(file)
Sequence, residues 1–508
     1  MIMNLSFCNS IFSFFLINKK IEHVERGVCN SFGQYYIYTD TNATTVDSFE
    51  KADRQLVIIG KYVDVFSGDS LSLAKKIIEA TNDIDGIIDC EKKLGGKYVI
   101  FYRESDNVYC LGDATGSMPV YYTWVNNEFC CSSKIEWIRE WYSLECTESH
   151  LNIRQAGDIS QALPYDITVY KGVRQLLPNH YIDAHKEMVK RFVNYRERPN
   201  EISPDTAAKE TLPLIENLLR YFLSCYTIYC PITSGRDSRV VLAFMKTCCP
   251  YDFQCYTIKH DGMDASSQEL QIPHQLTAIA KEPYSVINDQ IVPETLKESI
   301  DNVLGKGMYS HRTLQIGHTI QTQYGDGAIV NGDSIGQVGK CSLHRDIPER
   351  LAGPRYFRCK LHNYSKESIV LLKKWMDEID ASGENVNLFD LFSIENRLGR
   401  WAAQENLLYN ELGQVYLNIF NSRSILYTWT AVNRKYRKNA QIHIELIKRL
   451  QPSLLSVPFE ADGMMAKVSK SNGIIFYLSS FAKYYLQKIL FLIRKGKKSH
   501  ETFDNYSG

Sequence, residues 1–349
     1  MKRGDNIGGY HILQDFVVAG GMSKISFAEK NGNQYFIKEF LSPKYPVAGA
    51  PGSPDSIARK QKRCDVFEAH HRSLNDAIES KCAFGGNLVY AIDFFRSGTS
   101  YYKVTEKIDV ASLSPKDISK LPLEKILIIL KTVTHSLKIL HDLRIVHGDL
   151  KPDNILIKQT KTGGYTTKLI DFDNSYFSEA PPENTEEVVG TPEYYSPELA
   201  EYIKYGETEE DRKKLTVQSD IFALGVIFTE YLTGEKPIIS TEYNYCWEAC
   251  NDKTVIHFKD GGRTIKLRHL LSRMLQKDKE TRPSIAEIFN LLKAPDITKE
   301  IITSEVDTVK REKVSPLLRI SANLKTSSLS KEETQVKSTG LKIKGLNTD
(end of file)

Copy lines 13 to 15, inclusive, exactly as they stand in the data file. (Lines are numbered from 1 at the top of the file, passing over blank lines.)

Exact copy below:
Sequence, residues 1–349
     1  MKRGDNIGGY HILQDFVVAG GMSKISFAEK NGNQYFIKEF LSPKYPVAGA
    51  PGSPDSIARK QKRCDVFEAH HRSLNDAIES KCAFGGNLVY AIDFFRSGTS